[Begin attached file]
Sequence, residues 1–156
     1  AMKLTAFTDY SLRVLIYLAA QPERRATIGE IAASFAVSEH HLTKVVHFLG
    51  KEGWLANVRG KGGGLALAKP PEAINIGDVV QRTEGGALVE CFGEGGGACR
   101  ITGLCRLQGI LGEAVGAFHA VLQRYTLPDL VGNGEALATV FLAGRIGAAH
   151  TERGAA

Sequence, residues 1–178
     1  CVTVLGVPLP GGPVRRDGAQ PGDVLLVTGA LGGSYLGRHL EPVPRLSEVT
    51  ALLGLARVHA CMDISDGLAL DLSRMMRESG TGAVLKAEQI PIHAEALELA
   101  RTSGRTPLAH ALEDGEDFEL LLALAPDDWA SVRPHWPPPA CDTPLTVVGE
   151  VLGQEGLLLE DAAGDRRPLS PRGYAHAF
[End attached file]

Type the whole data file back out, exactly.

Sequence, residues 1–156
     1  AMKLTAFTDY SLRVLIYLAA QPERRATIGE IAASFAVSEH HLTKVVHFLG
    51  KEGWLANVRG KGGGLALAKP PEAINIGDVV QRTEGGALVE CFGEGGGACR
   101  ITGLCRLQGI LGEAVGAFHA VLQRYTLPDL VGNGEALATV FLAGRIGAAH
   151  TERGAA

Sequence, residues 1–178
     1  CVTVLGVPLP GGPVRRDGAQ PGDVLLVTGA LGGSYLGRHL EPVPRLSEVT
    51  ALLGLARVHA CMDISDGLAL DLSRMMRESG TGAVLKAEQI PIHAEALELA
   101  RTSGRTPLAH ALEDGEDFEL LLALAPDDWA SVRPHWPPPA CDTPLTVVGE
   151  VLGQEGLLLE DAAGDRRPLS PRGYAHAF